Users at Storage Networking World in Phoenix say they want storage technology that can be sold to C-level executives as part of a business strategy, rather than the products they use now that are often complicated to run and fall short on efficiency and interoperability.
"We can't have storage tools that are disconnected from the tools we use to manage our applications," Doug Busch, CIO at Intel, said during his keynote speech.
Busch rattled off a list of issues that he and other IT leaders are facing as a result of the lack of a comprehensive management framework that can offer a view into the logical and physical topology of business and storage systems.
How to charge departments for storage use and determining which Intel division should pay for incremental upgrades and new storage purchases are among the top issues facing Intel's IT shop, Busch said. Storage-capacity needs for scientific computing alone have grown 74 percent a year for the past seven years, and e-business-related storage needs have grown 100 percent per year over the past three years, he said.
Busch also said software drivers at the component level need more standardization, because when something does fail, "there's finger-pointing between component vendors, and nobody is willing to take responsibility for the problem and winds up handing it back to the end user."
That sentiment was echoed by other IT managers at the conference.
Storage resource management tools -- including functions such as notifying sysadmins when an application server has used 80 percent of its storage capacity, automatically provisioning storage for a database or increasing volumes on storage arrays -- are still sorely lacking, said Dennis Martin, an analyst at The Evaluator Group in Colorado.
"This is where the battleground is today," Martin said. "What if a port goes out on a switch? I want to know what business processes that's impacting."
Users also said they see information life-cycle management -- managing data from creation to deletion via policies and at different levels of storage -- as an important strategy that could allow companies to better optimize resources.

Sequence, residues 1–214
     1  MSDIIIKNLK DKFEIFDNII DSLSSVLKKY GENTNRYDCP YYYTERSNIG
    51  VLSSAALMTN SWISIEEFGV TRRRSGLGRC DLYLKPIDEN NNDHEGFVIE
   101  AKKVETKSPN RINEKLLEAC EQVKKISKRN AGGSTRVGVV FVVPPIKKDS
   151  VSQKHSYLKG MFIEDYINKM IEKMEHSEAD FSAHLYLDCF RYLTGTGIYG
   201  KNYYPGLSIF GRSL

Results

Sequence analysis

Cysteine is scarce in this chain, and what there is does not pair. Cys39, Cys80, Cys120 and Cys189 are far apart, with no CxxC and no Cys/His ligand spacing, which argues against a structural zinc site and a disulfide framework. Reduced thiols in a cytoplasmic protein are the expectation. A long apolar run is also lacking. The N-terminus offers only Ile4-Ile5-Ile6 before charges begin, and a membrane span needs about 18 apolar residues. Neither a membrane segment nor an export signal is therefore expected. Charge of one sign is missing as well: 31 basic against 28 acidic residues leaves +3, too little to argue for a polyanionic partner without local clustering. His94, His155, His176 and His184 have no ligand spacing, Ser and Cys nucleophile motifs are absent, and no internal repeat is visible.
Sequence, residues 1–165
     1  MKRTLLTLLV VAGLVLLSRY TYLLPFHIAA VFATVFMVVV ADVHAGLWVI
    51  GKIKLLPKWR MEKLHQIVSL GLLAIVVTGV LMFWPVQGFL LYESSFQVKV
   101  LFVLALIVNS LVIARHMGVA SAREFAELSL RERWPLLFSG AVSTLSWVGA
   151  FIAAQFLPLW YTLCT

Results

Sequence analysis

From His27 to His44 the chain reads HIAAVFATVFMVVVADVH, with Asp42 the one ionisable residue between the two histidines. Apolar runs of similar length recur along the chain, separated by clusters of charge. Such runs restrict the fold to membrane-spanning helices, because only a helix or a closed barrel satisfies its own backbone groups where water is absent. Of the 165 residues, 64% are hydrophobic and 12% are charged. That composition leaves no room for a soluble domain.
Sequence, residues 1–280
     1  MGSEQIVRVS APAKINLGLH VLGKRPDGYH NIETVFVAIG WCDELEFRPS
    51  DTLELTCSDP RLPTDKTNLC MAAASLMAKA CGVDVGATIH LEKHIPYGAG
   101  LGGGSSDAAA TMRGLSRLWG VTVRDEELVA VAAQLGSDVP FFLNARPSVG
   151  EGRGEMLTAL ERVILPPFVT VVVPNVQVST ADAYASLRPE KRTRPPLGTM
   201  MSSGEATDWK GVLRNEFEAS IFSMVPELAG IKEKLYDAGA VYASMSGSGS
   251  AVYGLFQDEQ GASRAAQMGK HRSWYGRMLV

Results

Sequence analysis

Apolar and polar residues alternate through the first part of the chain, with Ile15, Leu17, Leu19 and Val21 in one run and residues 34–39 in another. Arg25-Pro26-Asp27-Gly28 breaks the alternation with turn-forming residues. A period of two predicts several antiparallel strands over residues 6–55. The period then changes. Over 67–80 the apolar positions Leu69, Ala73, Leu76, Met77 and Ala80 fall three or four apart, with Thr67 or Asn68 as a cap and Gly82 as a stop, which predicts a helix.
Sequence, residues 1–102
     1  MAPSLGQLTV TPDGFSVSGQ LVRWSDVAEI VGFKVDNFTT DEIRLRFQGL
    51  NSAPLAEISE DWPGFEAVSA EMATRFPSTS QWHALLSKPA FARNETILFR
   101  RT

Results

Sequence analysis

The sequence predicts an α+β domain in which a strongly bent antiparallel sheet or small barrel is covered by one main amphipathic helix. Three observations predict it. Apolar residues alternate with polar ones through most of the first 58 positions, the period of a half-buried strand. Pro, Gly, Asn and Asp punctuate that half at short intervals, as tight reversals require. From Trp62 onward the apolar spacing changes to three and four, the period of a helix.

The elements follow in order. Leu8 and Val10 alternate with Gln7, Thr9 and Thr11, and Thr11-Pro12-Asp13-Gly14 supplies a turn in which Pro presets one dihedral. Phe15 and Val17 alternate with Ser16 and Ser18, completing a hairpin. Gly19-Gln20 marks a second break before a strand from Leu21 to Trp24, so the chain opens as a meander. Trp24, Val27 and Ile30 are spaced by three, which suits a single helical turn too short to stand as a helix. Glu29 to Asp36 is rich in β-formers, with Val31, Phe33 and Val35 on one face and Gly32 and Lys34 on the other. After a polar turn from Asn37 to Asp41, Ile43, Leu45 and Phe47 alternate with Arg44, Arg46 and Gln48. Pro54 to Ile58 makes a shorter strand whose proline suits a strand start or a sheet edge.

Today, however, ILM is just another buzzword, Martin said. "Vendors need to bring their 20 products down to one," he said.
Before buying into a vendor's ILM or storage management framework, IT managers should find out how the products work with business applications now and how they will do so in the future, Martin said. It's also important to know how vendors will integrate their products with storage management tools such as replication and migration applications, and how they'll eventually tie into the management of business applications.
Laurence Whittaker, supervisor of enterprise storage management at Hudson's Bay in Toronto, said his greatest issues revolve around the justification of spending on storage management tools and a lack of integration with back-end systems such as hierarchal storage management applications.
"I've gone from believing vendors to having them show me what their product can do," said Andre Mendes, chief technology integration officer at PBS. "We also withhold payments and charge penalties for mishaps [in our systems]."
Mendes said he doesn't buy into the argument for ILM. He believes storage management tools have created enough of a layer of abstraction that most sysadmins can manage large amounts of storage easily and without complete automation.
Lynn Neal, a senior systems integrator for Sprint's internal IT operations, said she wants to be able to mine data on her storage-area networks. Most of her storage software purchases remain tactical because storage management tools have yet to tie in with business applications.
Meanwhile, business executives at Sprint want the IT shop there to do more with the technology already on hand. "They don't want us to buy any more equipment. They want us to increase utilization," Neal said.
But she said her shop hasn't had much success getting internal end users to buy into data-retention policies that would require fewer copies of identical data and move nonessential data to less expensive storage media, such as midrange storage, ATA disk arrays and tape libraries.
Some users at Sprint, Neal said, have up to five copies of databases when a single copy would do.
"And by the way, the second and third copy of that database doesn't need to sit on our most expensive storage," she said.